Monday, November 3, 2008

Listen w/o Prejudice: Indigo Girls

The second in a series. Click Here for the preamble.

They're lesbians. They're not particularly attractive lesbians.

I've never heard music lovers say they don't listen to David Bowie because he shared a little "Modern Love" with Freddie Mercury (or maybe Freddie was his China Girl). I've never heard normal people say they don't listen to Motley Crue because they object to a band who has screwed more females than the population of Delaware.

Your guitarist can snort his father's ashes and openly admit to it, and millions will line up to buy $100 tickets to your concert.People in the '80s wore FRANKIE SAY RELAX! shirts and didn't seem to mind that the entire song is about a dude who loves to blow other dudes.

So I'm not sure why it's so easy to dismiss this one particular band because they kiss a other girls. Meanwhile, Katy Perry and that TATU group can do it, sing about it, and reap a profit solely because of it.

Perhaps I'm different from the norm, but I really don't confuse the artists with the art. Celebrities can stump for certain politicians or certain charities, but I pay them no heed. If Tom Cruise wants to snort L. Ron Hubbard's ashes, that won't change the fact that I mostly enjoy the dude's movies. Same goes for musicians and authors. I don't enjoy Hemingway less because he was a misogynistic suicidal alcoholic.

So why is it somehow acceptable to dismiss the Indigo Girls because they're unattractive lesbians?

Fortunately for me, I fell in love with them before I ever knew about that stuff. I saw Emily Saliers and Amy Ray open up for R.E.M. in Murphreesboro, Tenn., on the Green tour in late 1988. I honestly didn't pay attention to their performance at first. Just two girls and two acoustic guitars. Big whup.

But at about their fourth song, Michael Stipe walked out on stage and sang with them. "Kid Fears." And nothing makes a crowd pay attention to the opening act quite like someone from the main act coming out to perform with them. The remainder of their set kept my attention. Six months later, I owned the cassette of what I mistakenly thought was their first album, and who couldn't love "Closer to Fine"?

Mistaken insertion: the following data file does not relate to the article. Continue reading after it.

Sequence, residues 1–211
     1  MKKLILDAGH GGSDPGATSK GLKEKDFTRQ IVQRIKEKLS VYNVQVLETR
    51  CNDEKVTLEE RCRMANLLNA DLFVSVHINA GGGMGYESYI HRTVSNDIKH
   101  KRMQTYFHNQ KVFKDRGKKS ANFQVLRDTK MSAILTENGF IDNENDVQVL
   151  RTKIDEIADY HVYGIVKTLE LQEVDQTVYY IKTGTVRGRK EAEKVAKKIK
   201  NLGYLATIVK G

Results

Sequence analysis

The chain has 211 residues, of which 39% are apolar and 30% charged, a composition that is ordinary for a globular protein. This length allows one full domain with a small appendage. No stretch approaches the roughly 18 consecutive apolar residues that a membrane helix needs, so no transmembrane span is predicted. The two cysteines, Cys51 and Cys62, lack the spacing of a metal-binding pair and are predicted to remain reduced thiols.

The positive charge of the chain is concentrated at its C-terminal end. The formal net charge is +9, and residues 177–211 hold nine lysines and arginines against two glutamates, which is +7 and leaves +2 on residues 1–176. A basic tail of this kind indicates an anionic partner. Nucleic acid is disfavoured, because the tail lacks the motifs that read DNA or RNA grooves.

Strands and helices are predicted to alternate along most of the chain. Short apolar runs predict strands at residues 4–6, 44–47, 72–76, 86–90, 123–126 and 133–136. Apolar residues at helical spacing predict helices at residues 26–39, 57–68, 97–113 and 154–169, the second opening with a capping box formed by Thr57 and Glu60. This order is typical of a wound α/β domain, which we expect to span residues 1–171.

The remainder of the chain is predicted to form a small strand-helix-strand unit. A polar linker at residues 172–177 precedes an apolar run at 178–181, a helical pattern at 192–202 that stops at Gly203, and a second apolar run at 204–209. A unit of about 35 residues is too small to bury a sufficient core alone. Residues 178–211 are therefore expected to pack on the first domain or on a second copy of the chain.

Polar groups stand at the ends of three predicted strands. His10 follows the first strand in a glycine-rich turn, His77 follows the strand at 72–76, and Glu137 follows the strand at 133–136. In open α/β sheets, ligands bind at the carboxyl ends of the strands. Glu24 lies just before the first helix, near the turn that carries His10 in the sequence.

Lyrical brilliance, exquisite harmonies, and a down-home feel that felt like they were playing in your living room. These were magnetic qualities upon first listen, and they continue to be the key draws of their music. If fairly stripped-down, mostly folk and country-folk music ain't your thing, I doubt any of their music will knock your socks off. If you don't feast off of brilliant lyrical turns of phrase that frequently comes with religious references or allusions to their bipolar Southern heritage, I doubt this band would convert you.

And that's fine. I'm OK with someone not liking music because they don't like the music. It's just annoying when the hypocrisy of values or personality conflicts becomes the excuse, because these judgments are almost always restricted to when they're convenient.

The single greatest weakness of the Indigo Girls is that their songs lose potency in mixes. Their songs tend to get lost in the shuffle, it seems. Ironically, though I own every Indigo Girls album, they almost never show up on mix CDs I make for others. Their songs rarely feel like the "fit" in with the other songs I've chosen.

The Indigo Girls make songs that are like a hidden country creek with clear water that goes deeper than you'd think. They make you wanna sit down, take your shoes off, roll up your jeans, and stick your feet in, leaning back and soaking up the sunlight on your face. It's tough to savor that lazy moment if My Chemical Romance or The Hold Steady has the next song. (I did that for you, Nick!)